With the government's Sept. 13 decision to intervene, Northern's meltdown doesn't appear likely to spread, at least for now. Yet in the blink of an eye, investors and potential lenders soured on what had previously been the key to the bank's success: an innovative funding strategy to fuel growth. Northern got more than three quarters of the money it loaned to home buyers from international markets, selling mortgage-backed securities and other financial instruments. Suddenly, no bank or investor wanted any of this stuff. "Frankly, life changed on Aug. 9, virtually like snapping your fingers," Applegarth said on a Sept. 14 call to investors.
The bank realized it was in deep trouble in early September when it tried to raise several billion dollars with a new mortgage securitization but found few takers. While not in danger of immediately going under, it would have had to issue a profit warning quickly. It looked for help, and even sought out a buyer for the entire operation.
Northern Rock approached the Bank of England early in the week of Sept. 10. Lloyds TSB, a major British Bank, was interested in buying Northern, though no firm price was agreed upon. But Lloyds wanted the Bank of England to provide guarantees in the event of a meltdown at Northern, something the central bank declined to do, fearing that the European Union might consider that an unauthorized subsidy, industry insiders say. And Northern Rock also couldn't get its hands on funds that the BOE routinely makes available to banks that find themselves caught short. At the time, central bank rules barred it from accepting mortgages as collateral, even though Northern's loan book was of far better quality than the British average. The BOE relaxed those rules on Sept. 19, but it was too late for Northern. "If they had been able [to get access to those funds], they would have had a lot more flexibility," says Richard Barnes, an analyst at rating agency Standard & Poor's in London.CREEPING UNEASE?Eventually the government agreed to guarantee deposits, but that hasn't completely calmed jittery depositors. On Sept. 18 worried customers still lined up outside a central London branch of the troubled mortgage lender, waiting to withdraw their money. Attorney Rachael Whalley, for instance, said she planned to take out her entire $18,000 from an institution she considered "tainted."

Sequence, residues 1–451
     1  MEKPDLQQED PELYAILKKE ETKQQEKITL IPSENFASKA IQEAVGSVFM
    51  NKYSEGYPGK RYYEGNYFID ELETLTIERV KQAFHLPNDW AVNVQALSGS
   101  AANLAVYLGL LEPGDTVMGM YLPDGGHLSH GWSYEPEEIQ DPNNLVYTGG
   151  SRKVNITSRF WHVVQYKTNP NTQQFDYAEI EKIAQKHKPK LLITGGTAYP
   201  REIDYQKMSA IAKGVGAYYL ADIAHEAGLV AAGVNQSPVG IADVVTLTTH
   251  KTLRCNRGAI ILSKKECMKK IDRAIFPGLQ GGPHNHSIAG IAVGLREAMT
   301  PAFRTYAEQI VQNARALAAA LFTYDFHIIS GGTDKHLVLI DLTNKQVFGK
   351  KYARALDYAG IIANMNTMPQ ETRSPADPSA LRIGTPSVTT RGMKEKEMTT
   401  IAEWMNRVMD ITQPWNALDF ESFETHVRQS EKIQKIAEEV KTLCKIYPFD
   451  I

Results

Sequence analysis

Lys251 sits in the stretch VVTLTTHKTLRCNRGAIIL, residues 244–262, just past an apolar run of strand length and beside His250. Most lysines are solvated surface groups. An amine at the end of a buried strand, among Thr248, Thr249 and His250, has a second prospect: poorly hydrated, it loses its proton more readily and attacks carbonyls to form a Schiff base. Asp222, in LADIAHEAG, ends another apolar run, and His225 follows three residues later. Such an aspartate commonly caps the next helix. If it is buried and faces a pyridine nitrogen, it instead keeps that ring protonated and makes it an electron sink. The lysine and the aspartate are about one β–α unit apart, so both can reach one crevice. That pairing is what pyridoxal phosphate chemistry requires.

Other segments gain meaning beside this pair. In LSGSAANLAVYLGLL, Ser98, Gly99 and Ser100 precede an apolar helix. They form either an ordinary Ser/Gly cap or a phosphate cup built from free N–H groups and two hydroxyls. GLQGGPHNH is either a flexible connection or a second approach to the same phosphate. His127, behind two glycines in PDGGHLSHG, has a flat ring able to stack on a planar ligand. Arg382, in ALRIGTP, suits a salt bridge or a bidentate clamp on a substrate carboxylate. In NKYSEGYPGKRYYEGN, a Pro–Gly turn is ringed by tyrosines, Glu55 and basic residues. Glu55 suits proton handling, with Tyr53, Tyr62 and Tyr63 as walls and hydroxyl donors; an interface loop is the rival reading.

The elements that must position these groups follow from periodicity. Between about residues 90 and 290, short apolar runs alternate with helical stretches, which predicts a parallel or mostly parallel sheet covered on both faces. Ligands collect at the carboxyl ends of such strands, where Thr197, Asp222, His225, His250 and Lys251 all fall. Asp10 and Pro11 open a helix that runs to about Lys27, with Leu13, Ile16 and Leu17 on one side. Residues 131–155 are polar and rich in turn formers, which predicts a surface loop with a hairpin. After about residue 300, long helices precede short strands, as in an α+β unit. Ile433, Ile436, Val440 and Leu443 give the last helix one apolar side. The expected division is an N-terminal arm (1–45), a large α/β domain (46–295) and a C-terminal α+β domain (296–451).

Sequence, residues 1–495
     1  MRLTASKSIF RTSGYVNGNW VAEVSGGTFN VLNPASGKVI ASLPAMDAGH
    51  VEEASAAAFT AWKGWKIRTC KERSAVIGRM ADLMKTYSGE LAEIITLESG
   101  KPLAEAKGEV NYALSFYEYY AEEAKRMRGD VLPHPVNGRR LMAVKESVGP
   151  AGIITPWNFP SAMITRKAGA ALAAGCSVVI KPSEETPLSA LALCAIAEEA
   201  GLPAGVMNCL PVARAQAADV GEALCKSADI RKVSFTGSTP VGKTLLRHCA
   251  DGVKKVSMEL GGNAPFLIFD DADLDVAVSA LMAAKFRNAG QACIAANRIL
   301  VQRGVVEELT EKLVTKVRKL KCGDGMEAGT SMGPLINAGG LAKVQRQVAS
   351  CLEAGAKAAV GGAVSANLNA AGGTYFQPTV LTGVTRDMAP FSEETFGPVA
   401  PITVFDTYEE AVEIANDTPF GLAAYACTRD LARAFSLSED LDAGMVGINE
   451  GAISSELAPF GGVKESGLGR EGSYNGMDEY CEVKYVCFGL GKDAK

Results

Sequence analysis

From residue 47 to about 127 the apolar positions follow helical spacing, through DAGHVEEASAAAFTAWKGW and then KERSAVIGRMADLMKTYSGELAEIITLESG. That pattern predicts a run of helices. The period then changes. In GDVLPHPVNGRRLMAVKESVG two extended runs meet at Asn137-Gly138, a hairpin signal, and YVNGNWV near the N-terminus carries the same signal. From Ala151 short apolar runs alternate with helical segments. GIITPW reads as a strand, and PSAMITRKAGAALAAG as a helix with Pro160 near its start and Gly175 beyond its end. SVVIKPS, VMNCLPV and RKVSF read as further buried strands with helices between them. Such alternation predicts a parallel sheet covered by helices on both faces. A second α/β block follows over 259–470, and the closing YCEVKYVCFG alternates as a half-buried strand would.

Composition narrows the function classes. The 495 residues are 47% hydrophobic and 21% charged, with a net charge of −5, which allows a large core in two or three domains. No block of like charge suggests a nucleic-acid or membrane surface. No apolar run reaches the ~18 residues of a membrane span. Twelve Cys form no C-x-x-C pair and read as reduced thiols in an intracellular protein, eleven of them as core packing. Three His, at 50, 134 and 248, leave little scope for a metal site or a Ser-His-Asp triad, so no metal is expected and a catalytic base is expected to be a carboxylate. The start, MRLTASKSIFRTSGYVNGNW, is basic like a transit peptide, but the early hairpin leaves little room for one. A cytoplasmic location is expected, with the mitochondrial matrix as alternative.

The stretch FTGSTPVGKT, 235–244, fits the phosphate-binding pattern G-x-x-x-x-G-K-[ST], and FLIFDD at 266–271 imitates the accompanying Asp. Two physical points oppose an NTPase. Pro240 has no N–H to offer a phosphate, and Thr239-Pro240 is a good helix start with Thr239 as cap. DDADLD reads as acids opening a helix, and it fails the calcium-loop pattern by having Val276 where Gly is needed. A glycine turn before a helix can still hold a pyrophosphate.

Now the risk is that the damage could creep though the economy. Like the U.S., Britain has seen a residential real estate boom that has played a big role in bolstering consumer confidence. But housing prices are showing signs of leveling off. If banks stop lending, economic growth could grind to a halt.
Britain's credit jitters are putting pressure on Mervyn King, the hawkish Bank of England Governor who has received much of the credit for the country's recent stellar economic performance. Unlike his counterparts at the U.S. Federal Reserve and the European Central Bank, King initially resisted helping out the banking system because he worried it would reward excessive risk-taking.
It is likely that the threat of a broader financial crisis, coupled with pressure from the government, forced King's abrupt turnaround. On Sept. 18 the BOE made nearly $9 billion available to the markets in an effort to bring overnight rates, which had spiked to almost 6.47%, closer to the bank's 5.75% benchmark. By Sept. 19 they had fallen to 5.89% as the BOE promised a further $20 billion. And just about every economist is betting that King, who has pushed through three rate increases this year, will now have to begin easing. "We do expect the Bank of England to cut its rates in the next few months," says David Miles, Morgan Stanley's top economist in London. But for Northern Rock, the damage is already done. Reed is London bureau chief for BusinessWeek